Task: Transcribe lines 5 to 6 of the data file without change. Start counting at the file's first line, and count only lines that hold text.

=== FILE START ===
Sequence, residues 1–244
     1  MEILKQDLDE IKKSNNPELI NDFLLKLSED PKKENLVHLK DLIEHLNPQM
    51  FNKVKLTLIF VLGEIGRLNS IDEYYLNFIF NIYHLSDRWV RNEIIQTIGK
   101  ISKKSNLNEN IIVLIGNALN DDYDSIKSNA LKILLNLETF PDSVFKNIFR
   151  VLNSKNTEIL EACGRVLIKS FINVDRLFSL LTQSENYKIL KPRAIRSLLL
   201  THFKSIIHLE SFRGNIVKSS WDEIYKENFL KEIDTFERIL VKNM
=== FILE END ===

   151  VLNSKNTEIL EACGRVLIKS FINVDRLFSL LTQSENYKIL KPRAIRSLLL
   201  THFKSIIHLE SFRGNIVKSS WDEIYKENFL KEIDTFERIL VKNM